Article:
Career Profile: Blacksmith

Career Profile: Blacksmith

by Susan Huebert
Jobs People Do | JobsPeopleDo.com

Some jobs never go out of style. Doctors, for example, are always necessary because people continue to get sick. Teaching methods might change a lot over the years, but students will always need people to help them gain the knowledge and skills they need for life. Other jobs seem to disappear over time, but they might still be important, even if they change a lot. For example, blacksmiths used to be essential in the days before factories produced all kinds of metal and plastic goods, but their work is almost unknown now. However, blacksmiths still have an important role in society.

In the past, blacksmiths worked mainly in small shops, using hot fires in forges to soften metal enough so that they could pound it into horseshoes, fence posts and much more. These days, very few people ride horses, and the discovery of steel has made metals like iron much less popular than they once were. However, blacksmiths still work in making all kinds of things, such as ornamental metal railings and plastic parts for larger objects. Many blacksmiths work in factories rather than in their own shops, but many of the basic techniques are similar to what they used to do.

Basically, blacksmith work involves shaping metal and other materials into different shapes. Often, the material has to be heated up before the blacksmith can work with it. When metal is hot enough, the blacksmith can pound it with hammers or bend it using strong tools until it becomes something new. In factories where machines do much of the work of shaping and molding objects, blacksmiths might spend much of their time setting up and maintaining the machines to make sure that they are working properly. In small businesses, like those that produce souvenirs for tourists or ornamental metalwork, the job might resemble the traditional blacksmith’s role.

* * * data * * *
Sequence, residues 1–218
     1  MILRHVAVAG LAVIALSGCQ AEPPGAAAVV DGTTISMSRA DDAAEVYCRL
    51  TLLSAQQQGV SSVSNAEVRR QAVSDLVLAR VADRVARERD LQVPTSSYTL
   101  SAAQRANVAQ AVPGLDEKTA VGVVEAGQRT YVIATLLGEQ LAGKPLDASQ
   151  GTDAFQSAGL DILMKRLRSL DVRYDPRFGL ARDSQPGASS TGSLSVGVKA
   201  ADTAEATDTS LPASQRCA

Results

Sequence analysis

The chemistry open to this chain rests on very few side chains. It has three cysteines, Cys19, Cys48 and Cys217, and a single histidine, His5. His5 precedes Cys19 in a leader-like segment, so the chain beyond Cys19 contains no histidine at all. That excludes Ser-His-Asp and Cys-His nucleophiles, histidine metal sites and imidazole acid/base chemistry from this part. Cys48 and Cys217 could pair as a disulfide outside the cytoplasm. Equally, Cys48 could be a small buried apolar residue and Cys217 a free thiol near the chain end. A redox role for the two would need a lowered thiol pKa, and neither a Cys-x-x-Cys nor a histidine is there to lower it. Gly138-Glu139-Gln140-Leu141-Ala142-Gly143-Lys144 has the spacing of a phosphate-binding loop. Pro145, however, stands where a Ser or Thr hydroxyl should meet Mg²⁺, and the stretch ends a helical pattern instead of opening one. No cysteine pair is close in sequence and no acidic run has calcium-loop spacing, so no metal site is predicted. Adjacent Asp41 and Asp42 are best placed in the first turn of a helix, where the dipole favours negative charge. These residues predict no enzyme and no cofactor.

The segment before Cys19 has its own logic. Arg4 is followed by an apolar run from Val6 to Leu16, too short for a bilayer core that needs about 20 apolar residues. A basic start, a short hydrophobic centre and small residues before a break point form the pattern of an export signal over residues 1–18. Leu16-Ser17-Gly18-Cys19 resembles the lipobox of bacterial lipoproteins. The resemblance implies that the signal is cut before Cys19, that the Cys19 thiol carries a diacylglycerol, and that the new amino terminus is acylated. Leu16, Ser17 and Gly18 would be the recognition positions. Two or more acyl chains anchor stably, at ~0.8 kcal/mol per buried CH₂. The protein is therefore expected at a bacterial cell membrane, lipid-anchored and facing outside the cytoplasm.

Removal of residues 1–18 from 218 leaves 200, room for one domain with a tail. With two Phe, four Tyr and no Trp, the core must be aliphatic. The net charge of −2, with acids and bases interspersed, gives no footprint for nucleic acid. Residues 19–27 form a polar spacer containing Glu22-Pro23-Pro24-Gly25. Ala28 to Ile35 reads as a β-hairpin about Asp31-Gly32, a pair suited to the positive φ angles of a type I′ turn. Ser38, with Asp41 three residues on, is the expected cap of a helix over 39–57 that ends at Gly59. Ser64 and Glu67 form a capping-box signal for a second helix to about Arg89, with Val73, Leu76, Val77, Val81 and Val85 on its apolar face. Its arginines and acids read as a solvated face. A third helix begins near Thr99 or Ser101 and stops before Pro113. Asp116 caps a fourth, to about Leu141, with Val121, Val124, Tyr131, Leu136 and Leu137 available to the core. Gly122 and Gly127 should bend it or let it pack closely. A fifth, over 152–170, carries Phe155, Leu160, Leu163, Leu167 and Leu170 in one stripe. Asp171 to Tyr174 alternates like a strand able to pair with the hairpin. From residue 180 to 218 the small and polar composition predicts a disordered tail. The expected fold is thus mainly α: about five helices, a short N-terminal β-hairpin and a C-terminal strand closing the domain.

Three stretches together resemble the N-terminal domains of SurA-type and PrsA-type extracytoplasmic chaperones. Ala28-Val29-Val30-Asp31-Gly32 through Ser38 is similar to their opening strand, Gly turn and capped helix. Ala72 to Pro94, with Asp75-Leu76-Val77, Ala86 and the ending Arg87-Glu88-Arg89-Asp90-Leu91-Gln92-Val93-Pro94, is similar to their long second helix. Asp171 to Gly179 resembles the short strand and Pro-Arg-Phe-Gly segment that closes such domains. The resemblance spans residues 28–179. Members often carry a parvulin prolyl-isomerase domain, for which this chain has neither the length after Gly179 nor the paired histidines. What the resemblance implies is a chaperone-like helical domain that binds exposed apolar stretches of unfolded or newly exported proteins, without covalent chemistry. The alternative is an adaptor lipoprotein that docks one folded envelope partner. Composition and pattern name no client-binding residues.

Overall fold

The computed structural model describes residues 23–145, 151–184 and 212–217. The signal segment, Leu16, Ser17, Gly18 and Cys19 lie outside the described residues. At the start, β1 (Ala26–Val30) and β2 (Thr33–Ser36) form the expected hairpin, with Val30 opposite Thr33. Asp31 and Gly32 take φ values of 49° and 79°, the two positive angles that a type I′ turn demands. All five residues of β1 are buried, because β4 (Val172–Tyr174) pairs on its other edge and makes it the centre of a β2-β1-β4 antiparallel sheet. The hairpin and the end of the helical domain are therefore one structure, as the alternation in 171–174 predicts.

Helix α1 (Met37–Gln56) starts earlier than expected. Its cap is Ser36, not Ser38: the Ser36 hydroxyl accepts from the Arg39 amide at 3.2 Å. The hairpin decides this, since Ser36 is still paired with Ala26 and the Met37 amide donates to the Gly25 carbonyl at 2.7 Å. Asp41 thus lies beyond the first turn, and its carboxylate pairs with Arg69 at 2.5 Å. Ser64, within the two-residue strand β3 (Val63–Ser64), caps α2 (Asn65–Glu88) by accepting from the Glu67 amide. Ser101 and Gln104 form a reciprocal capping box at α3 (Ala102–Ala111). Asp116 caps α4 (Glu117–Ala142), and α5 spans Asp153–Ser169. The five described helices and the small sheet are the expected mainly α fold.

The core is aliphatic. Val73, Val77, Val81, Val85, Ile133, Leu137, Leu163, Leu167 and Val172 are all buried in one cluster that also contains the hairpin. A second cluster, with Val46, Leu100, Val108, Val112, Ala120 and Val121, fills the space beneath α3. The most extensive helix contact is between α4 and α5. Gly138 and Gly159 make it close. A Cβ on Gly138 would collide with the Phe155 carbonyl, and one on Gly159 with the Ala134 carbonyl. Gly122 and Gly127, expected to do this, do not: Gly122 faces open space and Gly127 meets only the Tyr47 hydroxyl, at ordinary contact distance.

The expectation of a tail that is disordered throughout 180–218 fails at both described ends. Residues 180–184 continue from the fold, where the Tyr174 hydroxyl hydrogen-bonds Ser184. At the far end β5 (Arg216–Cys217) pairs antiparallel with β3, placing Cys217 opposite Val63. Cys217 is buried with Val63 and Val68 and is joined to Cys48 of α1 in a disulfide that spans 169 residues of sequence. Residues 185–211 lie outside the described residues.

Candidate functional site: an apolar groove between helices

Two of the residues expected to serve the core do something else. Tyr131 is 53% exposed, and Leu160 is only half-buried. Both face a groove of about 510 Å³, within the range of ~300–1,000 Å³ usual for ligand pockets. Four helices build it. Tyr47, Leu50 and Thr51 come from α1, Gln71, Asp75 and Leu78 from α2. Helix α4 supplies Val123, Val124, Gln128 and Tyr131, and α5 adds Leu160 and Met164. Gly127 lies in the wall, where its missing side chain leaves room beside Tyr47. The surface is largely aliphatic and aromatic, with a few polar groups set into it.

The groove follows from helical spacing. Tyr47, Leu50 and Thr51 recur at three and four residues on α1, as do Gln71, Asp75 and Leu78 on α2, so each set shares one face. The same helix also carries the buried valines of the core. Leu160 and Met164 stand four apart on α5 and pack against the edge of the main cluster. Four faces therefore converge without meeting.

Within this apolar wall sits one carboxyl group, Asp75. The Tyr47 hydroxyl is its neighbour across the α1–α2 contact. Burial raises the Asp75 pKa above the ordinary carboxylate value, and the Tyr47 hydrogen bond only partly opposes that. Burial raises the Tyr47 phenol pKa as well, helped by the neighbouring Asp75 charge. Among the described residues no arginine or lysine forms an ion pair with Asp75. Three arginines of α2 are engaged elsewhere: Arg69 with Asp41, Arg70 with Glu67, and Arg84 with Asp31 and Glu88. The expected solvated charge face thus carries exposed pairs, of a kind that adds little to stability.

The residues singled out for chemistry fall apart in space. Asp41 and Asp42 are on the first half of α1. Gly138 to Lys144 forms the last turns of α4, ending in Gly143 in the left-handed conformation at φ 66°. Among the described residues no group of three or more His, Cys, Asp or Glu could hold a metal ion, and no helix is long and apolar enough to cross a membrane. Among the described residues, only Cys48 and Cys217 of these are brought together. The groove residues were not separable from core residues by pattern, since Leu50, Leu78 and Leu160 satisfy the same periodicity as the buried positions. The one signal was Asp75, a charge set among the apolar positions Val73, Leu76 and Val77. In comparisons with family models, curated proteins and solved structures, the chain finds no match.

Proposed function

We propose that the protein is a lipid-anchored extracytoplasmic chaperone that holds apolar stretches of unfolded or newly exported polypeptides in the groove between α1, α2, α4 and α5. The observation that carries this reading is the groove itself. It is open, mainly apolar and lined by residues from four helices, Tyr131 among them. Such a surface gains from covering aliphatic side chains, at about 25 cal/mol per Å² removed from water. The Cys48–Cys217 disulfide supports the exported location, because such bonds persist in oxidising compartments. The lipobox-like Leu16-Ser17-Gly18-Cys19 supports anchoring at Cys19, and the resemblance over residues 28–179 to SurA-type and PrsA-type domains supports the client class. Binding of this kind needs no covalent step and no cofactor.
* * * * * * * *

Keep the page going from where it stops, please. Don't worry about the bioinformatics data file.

No special education is necessary for becoming a blacksmith, but a high school diploma is helpful. Good mathematical skills are important for being able to calculate amounts, weights and prices. For ornamental blacksmiths, an education or training in the fine arts is helpful, but not always necessary. The most important training for blacksmiths is learning from others in their field. Official apprenticeships are good options, but informal training can also help. If you are interested in blacksmith work, you can already try to find mentors who can guide you through the process of learning what you need to know.

If you want to become a blacksmith, you can already talk with people who are working at the kind of job that you want to do. You might even be able to work at a small blacksmith shop on Saturdays or help out in the summer. Depending on where you end up working, you might make the standard blacksmith’s salary of about $29,000 per year or you might have an irregular wage, depending on tourism and other factors.  Does a career as a blacksmith sound good to you? Why not start to prepare for your career now?


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